August 28th, 2012

Stimulus Belief Response (or How to Be Happy at a Funeral)

5 Comments

We’re upset when someone we love dies. Why?

I wrote the following in preparation for a speech I gave on the usefulness of choosing beliefs. This is philosophical approach I subscribe to because I find it useful and I’ve often been surprised with how violently people respond when I put it into action! I’m not endorsing being happy all the time (though that is an option). I think we get to decide all the time how we want to feel.

While you read this consider: how would your peers respond if you weren’t upset at a funeral?

“Between stimulus and response there is a space. In that space is our power to choose our response. In our response lies our growth and our freedom.”

This quote is from Viktor Frankl, a medical doctor and psychiatrist who survived the holocaust by keeping his spirits up. He regularly gave speeches in front of imaginary audiences as a way to validate his own importance!

 

What is a stimulus?  A stimulus is anything, in our environment, internal, external, person, place, thing that we are aware of, react to, interact with.  Our response: how we respond to that stimulus.

 

I find it useful to believe that in between a stimulus and our response there is a space, and in that space is a belief.  We form beliefs and change beliefs all the time.  Raise your hand if you have believed in an imaginary figure?  In Santa Claus, in elves, in fairies, in the Easter Bunny?  How many of you believe in those today?  Everyone here has believed in an imaginary figure and nearly everyone no longer does.  We change our beliefs!  Where do they exist?  If you cut me open you don’t find beliefs floating around inside of me!  Beliefs are make-believe anyway.

If I come up to a beautifully dressed woman and say “you are a terrible dresser” she might take offense!  If I come up to a man who appears to have brown hair and say “I can’t stand your bright pink hair,” is he more likely to be confused or angry?  What determines these responses?

 

I think that it is a belief that they hold about themselves.  This woman might be dressing up because she cares about her appearance.  She comes to a speaking club and want to look good?  She is perhaps believing that it is important that she looks good.  So if I say that she has bad taste, and she reacts, she is reacting to her own beliefs about her appearance.  However, he believes with some certainty that he doesn’t have pink hair.  There’s nothing in my statement of pink hair that lands on him.  He doesn’t judge himself as a pink-haired individual.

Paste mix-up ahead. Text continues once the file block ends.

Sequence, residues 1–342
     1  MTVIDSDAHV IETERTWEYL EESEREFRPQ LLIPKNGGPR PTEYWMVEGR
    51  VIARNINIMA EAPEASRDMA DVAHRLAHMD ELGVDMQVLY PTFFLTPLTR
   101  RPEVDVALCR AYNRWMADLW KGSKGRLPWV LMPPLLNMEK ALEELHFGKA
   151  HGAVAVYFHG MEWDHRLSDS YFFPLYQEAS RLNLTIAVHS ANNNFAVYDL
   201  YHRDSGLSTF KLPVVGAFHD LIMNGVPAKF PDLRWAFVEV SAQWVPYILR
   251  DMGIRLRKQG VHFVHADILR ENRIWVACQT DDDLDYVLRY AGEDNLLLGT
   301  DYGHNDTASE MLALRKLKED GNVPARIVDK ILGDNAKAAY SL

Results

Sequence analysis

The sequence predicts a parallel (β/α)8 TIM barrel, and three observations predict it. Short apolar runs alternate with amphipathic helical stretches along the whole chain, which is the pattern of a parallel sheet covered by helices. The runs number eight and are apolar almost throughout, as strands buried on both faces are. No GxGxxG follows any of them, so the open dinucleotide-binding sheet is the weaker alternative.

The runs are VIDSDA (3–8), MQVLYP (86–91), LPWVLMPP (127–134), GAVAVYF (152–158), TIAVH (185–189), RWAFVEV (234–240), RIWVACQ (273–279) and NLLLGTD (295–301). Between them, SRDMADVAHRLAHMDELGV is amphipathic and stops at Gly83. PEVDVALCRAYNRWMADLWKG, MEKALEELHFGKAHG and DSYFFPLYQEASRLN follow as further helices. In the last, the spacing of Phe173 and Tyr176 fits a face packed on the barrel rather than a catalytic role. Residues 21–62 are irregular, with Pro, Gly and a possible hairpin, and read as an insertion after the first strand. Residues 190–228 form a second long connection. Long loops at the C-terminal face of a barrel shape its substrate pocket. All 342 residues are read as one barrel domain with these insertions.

If we lived in a stimulus – response world everyone would react to the same stimulus in exactly the same way.  If I tell everyone in the room that “I love you!” everyone would experience the same feelings and respond in the same way.  My experience is that if I tell two people the same thing I am more than likely going to get two very different responses.

 

We make up beliefs moment, by moment by moment.  The job of the brain is to make sense of our environment, to make sense of the world that we live in.  We do that through the creation – moment by moment – of beliefs.  And these made-up beliefs affect every aspect of what we perceive and what we respond to.  And this is great news!  This means that we are not bound to our responses.  We are not determined – fatalistically – to respond forever in the same way.  We have seen that we have all changed beliefs at some point in our lives.  Given different information, different evidence we change beliefs all the time!

 

Feeling whatever we experience: responding with anger, with sadness, with frustration, with joy.  These are choices based on how we view the world.  Based on specific belief.  “Santa Claus isn’t real?”  “You are very poor dresser.”  “I love you!”  How we respond is based on the beliefs we hold.  By examining our beliefs we can change our responses and change our life!

 

Viktor Frankl celebrated the space between stimulus and response.  I find it useful to identify that space as a belief.  Frankl survived the holocaust by internally validating himself, by making believe that he was talking in front of imaginary audiences of thousands.  He survived to go on to do so!  Frankl survived the holocaust by creating inside himself a feeling of importance. How might we examine our beliefs, change them – if we want to – and thereby fundamentally change our responses, and improve our lives?


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